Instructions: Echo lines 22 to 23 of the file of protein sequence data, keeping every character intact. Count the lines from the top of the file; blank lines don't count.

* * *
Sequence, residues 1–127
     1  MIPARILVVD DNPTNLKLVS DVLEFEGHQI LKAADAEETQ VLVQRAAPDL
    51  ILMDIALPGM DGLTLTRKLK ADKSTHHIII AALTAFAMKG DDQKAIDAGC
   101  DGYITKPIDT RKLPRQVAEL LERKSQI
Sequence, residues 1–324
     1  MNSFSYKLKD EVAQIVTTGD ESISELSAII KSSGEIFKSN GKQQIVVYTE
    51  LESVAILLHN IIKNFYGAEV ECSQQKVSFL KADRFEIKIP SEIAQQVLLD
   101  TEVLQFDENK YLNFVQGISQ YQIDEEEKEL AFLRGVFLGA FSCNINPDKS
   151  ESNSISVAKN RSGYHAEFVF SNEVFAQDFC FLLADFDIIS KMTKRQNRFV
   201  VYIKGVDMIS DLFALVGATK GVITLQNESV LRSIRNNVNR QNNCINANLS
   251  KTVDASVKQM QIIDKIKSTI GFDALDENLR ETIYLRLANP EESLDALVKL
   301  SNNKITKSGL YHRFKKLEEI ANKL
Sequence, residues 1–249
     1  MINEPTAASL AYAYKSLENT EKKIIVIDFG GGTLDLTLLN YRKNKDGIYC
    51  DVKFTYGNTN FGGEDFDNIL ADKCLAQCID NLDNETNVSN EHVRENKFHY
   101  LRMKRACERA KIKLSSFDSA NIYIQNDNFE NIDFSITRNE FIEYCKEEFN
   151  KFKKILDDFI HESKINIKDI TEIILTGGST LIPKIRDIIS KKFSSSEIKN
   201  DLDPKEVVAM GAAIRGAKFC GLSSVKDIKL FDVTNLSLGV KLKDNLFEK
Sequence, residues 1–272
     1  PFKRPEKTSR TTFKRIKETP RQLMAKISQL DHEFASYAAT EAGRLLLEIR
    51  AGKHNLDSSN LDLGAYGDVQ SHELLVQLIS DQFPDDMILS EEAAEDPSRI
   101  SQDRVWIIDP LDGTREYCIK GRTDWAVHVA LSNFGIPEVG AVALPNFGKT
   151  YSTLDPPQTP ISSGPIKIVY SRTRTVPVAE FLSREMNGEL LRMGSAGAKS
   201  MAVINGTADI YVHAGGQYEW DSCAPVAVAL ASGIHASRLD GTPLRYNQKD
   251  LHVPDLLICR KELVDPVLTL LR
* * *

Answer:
   101  SQDRVWIIDP LDGTREYCIK GRTDWAVHVA LSNFGIPEVG AVALPNFGKT
   151  YSTLDPPQTP ISSGPIKIVY SRTRTVPVAE FLSREMNGEL LRMGSAGAKS